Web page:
There is an acronym for everything. And if there isn't, we'll make one up. It doesn't even have to make sense, could be 10 years old and obsolete, but it is still used by someone at the University. My first day on campus I was hit with no fewer than 5 of them in the first hour. I followed a lot of them as we went along, but after awhile I did have to admit that I spoke in complete words and finally just asked what all the letters stood for. Naturally, I know that the magic of acronyms is not exclusively limited to the Higher Ed world, but the prevalence they have over actual titles, phrases and organizations is mind-boggling. In fact, there are situation that create the acronym BEFORE assigning the letters meaning... and then there's a debate over what the letters should mean, because the acronym is THAT good. It's become second nature to me now. In fact, I've decided to refer to my household as an acronym because their actual names are too many letter and words. DMERB- our official household acronym.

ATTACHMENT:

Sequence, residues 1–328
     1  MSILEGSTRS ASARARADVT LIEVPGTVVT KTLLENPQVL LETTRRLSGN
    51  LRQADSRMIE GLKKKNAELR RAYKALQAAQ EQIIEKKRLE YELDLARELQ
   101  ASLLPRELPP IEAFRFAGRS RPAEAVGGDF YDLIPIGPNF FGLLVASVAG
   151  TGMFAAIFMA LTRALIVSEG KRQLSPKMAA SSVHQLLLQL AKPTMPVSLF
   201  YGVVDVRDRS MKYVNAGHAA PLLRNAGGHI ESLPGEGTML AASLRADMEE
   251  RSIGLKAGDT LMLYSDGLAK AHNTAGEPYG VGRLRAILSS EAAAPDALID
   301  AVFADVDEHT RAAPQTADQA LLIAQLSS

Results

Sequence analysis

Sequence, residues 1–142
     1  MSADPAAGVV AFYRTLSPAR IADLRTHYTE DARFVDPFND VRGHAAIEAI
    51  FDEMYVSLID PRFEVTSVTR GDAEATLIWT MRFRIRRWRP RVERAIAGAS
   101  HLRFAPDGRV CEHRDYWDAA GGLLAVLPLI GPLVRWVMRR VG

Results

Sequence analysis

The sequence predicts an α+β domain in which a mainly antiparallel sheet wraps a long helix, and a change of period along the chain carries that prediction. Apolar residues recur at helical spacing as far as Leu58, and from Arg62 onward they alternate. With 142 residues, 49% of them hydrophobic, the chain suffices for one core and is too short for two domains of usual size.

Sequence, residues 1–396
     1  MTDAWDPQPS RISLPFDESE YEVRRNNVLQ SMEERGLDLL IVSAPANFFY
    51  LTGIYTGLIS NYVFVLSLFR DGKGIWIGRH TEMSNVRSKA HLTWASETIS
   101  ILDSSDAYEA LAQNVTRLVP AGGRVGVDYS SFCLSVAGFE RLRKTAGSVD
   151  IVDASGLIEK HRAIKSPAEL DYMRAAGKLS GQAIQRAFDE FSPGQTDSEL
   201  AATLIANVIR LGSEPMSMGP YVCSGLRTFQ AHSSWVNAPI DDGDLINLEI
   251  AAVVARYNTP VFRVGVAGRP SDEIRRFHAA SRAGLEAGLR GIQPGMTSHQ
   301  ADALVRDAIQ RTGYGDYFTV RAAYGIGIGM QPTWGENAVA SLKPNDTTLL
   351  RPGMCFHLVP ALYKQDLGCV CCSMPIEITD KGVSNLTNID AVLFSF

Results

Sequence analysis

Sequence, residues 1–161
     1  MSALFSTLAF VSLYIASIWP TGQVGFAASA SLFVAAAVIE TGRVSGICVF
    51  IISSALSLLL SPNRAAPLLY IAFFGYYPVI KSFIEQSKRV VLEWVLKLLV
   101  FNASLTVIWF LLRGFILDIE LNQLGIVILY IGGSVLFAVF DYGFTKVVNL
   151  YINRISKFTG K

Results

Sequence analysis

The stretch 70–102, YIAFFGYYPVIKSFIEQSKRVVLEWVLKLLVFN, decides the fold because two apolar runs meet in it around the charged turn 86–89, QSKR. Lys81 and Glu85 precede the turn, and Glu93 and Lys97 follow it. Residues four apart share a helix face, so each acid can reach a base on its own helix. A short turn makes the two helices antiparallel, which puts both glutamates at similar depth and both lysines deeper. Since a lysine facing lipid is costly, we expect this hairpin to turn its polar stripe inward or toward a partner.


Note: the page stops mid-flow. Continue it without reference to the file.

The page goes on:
Number Two:
There is absolutely no way to tell what a student is capable of just by looking at them. I come across some interesting... stories... in my line of work, which inadvertently conjure a mental picture of the student that could possibly be capable of such...stories... I am always wrong. I create these impressions in my head, likely born of past experience with many many people and when they approach my office for their meeting I am constantly stunned, not only by what they look like, but also by how they present themselves. I think, "YOU are the one that berated that police officer" or "you had HOW much marijuana in your room?" But you're so (small, sweet, quiet, liking of Harry Potter marathons on the weekends... fill in the blank) not what I expected. I've tried desperately to remove this automatic functionality of my brain, but alas, I find it entertaining to guess.